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Plain Flowerpecker feeding on mistletoe fruit

on 14th September 2021

A single Plain Flowerpecker (Dicaeum concolor [minullum] borneanum) was seen feeding on the fruits of the Rusty-leaf Mistletoe (Scurrula ferruginea).


 
Food of items I have observed Plain Flowerpeckers feeding on:
1.    Scurrula ferruginea (Rusty-leaf Mistletoe) – native plant, fruit and nectar feeding
2.    Melastoma malabathricum (Straits rhododendron) – native plant, fruit feeding
3.    Other unidentified Mistletoe
4.    Bridelia tomentosa fruit.
 
Amar-Singh HSS (Dato’ Dr)
Ipoh, Perak, Malaysia
22nd February 2021

Location: Kledang-Sayong Forest Reserve, Ipoh, Perak, Malaysia
Habitat: Primary forest 
Equipment: Equipment: Nikon D500 SLR with Nikon AF-S Nikkor 500mm f/5.6E PF ED VR, handheld with Rode VideoMic Pro Plus Shotgun Microphone

If you like this post please tap on the Like button at the left bottom of page. Any views and opinions expressed in this article are solely those of the authors/contributors, and are not endorsed by the Lee Kong Chian Natural History Museum (LKCNHM, NUS) or its affiliated institutions. Readers are encouraged to use their discretion before making any decisions or judgements based on the information presented.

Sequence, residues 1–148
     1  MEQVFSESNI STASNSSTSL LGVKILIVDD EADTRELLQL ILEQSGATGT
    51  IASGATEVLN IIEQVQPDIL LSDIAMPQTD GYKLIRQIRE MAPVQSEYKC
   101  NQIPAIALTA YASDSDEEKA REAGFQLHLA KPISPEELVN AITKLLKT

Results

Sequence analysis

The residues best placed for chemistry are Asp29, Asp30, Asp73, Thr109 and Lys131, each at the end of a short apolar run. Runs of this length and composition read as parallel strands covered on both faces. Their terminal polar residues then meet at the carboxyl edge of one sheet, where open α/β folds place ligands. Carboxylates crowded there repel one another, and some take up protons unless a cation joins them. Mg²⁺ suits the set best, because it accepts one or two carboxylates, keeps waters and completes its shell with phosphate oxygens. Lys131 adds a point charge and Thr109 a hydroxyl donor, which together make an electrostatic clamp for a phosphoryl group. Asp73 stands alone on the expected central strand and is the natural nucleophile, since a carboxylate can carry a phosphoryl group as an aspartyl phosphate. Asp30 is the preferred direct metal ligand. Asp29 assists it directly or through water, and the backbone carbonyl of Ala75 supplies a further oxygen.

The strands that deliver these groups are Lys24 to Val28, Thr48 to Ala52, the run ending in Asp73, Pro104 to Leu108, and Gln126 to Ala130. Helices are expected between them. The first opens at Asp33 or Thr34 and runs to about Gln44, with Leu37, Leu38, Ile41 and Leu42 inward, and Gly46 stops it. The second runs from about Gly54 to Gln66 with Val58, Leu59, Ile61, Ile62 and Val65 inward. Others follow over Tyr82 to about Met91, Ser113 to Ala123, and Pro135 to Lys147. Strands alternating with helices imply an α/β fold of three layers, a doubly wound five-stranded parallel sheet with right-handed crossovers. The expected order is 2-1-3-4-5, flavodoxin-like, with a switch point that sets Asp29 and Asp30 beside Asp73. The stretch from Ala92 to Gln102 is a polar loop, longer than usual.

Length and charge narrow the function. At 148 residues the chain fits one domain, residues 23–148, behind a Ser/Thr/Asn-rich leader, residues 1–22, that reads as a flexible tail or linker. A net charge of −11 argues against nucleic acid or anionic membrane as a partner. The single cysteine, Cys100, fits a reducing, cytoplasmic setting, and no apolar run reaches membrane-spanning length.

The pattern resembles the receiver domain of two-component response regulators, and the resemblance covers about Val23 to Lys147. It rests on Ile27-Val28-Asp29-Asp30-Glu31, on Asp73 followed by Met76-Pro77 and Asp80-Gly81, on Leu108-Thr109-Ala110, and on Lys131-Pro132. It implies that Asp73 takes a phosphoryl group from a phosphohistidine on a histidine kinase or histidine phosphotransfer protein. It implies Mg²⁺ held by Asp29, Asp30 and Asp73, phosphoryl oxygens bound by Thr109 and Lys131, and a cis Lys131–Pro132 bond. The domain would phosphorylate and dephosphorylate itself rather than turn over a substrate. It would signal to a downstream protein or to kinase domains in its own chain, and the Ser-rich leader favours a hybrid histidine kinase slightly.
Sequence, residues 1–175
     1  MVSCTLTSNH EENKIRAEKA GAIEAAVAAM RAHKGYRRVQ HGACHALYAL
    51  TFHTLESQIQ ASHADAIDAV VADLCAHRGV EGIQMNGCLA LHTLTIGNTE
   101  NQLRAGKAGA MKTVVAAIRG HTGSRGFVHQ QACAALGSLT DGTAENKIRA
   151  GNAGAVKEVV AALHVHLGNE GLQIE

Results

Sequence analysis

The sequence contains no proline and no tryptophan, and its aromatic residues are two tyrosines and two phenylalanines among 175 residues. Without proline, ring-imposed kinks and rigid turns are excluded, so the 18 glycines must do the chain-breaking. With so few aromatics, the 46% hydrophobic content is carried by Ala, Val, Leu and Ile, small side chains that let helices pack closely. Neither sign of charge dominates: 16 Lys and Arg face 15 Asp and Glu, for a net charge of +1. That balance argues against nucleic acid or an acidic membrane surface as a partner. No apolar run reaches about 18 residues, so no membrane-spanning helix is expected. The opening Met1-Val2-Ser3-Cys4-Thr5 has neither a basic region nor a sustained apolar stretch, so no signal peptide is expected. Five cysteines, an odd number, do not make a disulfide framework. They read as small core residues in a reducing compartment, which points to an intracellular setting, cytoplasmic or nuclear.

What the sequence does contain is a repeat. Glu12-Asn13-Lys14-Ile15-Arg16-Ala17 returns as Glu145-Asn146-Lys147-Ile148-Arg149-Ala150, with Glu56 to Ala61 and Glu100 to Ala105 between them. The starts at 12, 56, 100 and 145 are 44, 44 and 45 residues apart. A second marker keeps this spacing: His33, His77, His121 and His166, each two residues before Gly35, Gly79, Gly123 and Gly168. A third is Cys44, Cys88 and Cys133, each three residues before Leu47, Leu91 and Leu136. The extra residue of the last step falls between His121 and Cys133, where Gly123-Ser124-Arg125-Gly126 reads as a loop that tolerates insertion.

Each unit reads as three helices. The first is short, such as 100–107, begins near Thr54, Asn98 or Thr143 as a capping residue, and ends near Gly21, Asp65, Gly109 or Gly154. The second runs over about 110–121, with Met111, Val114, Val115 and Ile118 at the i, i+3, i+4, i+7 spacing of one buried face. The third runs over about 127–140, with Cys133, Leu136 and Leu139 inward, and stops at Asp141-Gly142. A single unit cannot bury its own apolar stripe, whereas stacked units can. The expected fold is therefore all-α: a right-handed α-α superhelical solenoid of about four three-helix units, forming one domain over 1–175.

YC Wee

Dr Wee played a significant role as a green advocate in Singapore through his extensive involvement in various organizations and committees: as Secretary and Chairman for the Malayan Nature Society (Singapore Branch), and with the Nature Society (Singapore) as founding President (1978-1995). He has also served in the Nature Reserve Board (1987-1989), Nature Reserves Committee (1990-1996), National Council on the Environment/Singapore Environment Council (1992-1996), Work-Group on Nature Conservation (1992) and Inter-Varsity Council on the Environment (1995-1997). He is Patron of the Singapore Gardening Society and was appointed Honorary Museum Associate of the Lee Kong Chian Natural History Museum (LKCNHM) in 2012. In 2005, Dr Wee started the Bird Ecology Study Group. With more than 6,000 entries, the website has become a valuable resource consulted by students, birdwatchers and researchers locally and internationally. The views and opinions expressed in this article are his own, and do not represent those of LKCNHM, the National University of Singapore or its affiliated institutions.

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